The bidding war is back. While not every local real estate market is experiencing bidding wars, some homebuyers find themselves competing for houses because there aren't many for sale in their neighborhood. For example, in Phoenix, it would take just 2.3 months to sell all the homes currently on the market, says Susan Paul, owner of Better Homes and Gardens Real Estate Move Time Realty in Scottsdale, Ariz. The result? Many homes have 10 to 15 offers the day they go on the market, she says.
To compete in a bidding war, buyers need to prepare financially for the home purchase. They have to familiarize themselves with property values in their target neighborhoods. And they must know what they want.
While offering the most money might seem the best way to win a bidding war, sellers don't always choose the highest offer. Instead, sellers often prefer offers that are most likely to go through and that meet their conditions.
"Too many buyers talk to a lender and start looking at homes at the same time," says Eldad Moraru, a Realtor with Long & Foster Real Estate Inc. in Bethesda, Md. "You need to have everything (financial) done before you begin to look." Then you are more likely to win a bidding war.
He suggests selecting a lender and loan product, completing everything the lender requires and having a preapproval letter in hand -- all before submitting an offer.
"You need to make sure your lender is ready to issue an approval letter specific to the property at the drop of a dime," Moraru says.
Paul recommends keeping a file folder constantly updated with your most recent pay stubs, all pages (even blank pages) of recent bank statements and any other documentation the lender may need to make a quick loan approval. Then you are ready to make an offer.
A strong preapproval is essential, especially if you are competing against buyers with a cash offer, says Alan T. Aoyama, vice president of Century 21 M&M Associates in Cupertino, Calif. Any hint that you might have trouble qualifying for financing could eliminate you from competition.
"An all-cash buyer can even waive the appraisal," Aoyama says. "If you're a noncash buyer, you need to have a copy of your proof of funds with your offer along with a strong preapproval. At a minimum, you should offer a down payment of 20 percent if you know you'll be competing against other buyers. You need to show you have the funds to close and the ability to make up the difference if the appraisal comes in too low."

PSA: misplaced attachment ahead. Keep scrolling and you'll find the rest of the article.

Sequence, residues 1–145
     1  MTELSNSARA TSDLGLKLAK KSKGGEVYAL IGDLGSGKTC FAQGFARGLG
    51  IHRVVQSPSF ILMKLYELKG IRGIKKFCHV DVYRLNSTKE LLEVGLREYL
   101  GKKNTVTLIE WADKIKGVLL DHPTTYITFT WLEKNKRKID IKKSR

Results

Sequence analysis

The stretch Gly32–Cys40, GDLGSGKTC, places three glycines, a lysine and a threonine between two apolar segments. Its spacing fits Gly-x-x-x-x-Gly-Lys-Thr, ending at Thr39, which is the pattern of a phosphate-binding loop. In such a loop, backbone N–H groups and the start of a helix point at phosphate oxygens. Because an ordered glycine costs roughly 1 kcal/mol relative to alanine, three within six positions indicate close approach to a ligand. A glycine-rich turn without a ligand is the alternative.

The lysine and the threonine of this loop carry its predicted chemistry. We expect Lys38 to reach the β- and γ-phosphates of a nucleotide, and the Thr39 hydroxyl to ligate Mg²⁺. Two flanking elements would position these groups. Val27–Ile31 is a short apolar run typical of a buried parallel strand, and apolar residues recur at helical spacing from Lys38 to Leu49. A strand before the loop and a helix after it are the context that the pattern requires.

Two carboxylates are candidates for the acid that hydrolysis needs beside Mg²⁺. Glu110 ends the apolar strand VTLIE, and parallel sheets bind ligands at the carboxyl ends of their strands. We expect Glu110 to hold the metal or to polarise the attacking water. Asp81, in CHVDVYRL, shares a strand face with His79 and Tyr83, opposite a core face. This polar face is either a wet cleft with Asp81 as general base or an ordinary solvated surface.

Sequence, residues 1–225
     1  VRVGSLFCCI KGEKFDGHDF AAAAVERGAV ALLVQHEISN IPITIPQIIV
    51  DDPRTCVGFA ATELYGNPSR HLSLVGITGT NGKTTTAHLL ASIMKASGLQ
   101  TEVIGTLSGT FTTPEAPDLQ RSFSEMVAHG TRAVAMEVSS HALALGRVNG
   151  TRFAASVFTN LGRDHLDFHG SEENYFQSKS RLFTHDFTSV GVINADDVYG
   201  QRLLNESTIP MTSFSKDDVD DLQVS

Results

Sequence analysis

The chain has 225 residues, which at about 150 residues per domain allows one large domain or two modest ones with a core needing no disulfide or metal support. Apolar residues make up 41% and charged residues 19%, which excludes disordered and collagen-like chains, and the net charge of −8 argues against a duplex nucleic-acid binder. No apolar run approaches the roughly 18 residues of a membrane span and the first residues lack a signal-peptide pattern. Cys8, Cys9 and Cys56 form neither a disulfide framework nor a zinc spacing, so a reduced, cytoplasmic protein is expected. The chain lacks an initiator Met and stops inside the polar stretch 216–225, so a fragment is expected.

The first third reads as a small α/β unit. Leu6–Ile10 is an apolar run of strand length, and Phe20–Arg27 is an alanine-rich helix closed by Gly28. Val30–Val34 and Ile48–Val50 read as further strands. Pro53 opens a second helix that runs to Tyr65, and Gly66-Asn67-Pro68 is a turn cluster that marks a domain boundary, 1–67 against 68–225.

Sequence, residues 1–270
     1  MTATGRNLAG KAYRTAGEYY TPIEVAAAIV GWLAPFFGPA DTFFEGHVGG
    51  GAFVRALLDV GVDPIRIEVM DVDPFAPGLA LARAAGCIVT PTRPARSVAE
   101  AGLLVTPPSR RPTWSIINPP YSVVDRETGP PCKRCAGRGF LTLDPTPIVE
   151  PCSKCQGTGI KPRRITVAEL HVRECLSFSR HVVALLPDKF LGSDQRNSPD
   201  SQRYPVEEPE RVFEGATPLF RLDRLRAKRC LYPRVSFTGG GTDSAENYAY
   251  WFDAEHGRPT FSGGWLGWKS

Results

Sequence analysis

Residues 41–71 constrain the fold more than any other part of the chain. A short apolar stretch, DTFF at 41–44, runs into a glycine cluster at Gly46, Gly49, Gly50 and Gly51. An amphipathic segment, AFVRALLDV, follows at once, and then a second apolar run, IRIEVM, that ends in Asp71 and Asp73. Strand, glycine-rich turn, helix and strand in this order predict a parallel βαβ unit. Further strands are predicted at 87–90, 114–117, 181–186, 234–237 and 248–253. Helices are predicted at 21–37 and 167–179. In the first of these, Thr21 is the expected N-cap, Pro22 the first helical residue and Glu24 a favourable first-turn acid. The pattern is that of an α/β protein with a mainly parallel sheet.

To compete against other buyers in a potential bidding war, make sure you see a potential home the day it goes on the market, so you can move quickly, Paul says.
Moraru says while price is important, sellers want to know the buyer can finance the property and meet any other conditions. If you don't know the date when the sellers want to settle, you can write "will settle on seller's schedule" into the offer.
Aoyama suggests offering 30 days of free rent if the sellers want to stay in their home after settlement.
Most Realtors don't recommend buying a home without an inspection, but making your offer contingent on an inspection can weaken your position if other buyers are waiving an inspection contingency.
"If you're serious about a particular house, you can have a home inspection before you make an offer, and then make a noncontingent offer if you're satisfied with the report," Moraru says. "You'll need to move fast, though, and have a home inspector ready almost the day the home goes on the market."
Paul says you can bring a home inspector along when you first look at the home and say the inspector is a friend, just to get an inspector's feel for the condition of the home without an in-depth checkup.
"If the inspector says the house looks OK, you can feel better about waiving the home inspection contingency," Paul says.
The 30-year fixed-rate mortgage rose 9 basis points to 3.67 percent for the week of Jan. 10, 2013. A basis point is one-hundredth of 1 percentage point.
The 15-year fixed-rate mortgage rose 4 basis points to 2.92 percent. The average rate for 30-year jumbo mortgages, or generally for those of more than $417,000, rose 2 basis points to 4.1 percent.
The 5/1 adjustable-rate mortgage rose 1 basis point to 2.77 percent. With a 5/1 ARM, the rate is fixed for five years and adjusted annually thereafter.
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